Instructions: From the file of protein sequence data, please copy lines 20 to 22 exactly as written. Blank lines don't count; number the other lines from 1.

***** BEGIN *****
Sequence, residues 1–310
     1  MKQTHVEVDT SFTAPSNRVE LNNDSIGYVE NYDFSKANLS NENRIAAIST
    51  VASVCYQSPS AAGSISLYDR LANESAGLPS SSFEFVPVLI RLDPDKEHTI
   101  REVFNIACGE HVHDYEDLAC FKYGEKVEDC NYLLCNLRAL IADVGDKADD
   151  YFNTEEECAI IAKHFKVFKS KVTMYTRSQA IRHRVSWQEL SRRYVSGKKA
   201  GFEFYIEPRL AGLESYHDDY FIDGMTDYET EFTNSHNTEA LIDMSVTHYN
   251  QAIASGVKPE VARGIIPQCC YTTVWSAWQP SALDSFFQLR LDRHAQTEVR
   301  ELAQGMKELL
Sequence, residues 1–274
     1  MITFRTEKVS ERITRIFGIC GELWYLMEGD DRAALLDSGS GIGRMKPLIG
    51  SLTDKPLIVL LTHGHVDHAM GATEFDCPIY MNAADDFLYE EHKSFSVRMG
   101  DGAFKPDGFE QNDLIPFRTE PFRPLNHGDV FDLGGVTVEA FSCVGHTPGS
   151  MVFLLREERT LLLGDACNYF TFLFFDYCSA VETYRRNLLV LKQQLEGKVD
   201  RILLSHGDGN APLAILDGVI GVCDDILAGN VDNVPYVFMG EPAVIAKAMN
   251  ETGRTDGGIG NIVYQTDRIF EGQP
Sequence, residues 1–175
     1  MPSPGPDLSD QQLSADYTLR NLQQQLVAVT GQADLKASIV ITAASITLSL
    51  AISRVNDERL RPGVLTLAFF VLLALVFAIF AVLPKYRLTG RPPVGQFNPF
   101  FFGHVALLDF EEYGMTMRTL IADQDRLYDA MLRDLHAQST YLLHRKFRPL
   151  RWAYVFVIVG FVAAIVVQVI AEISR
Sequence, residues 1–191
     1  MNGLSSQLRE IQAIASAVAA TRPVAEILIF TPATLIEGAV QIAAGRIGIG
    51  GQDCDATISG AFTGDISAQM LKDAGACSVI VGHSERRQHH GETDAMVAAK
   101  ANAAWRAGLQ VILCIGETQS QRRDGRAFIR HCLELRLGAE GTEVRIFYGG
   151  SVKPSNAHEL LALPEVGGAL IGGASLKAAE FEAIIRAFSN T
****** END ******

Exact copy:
   151  RWAYVFVIVG FVAAIVVQVI AEISR
Sequence, residues 1–191
     1  MNGLSSQLRE IQAIASAVAA TRPVAEILIF TPATLIEGAV QIAAGRIGIG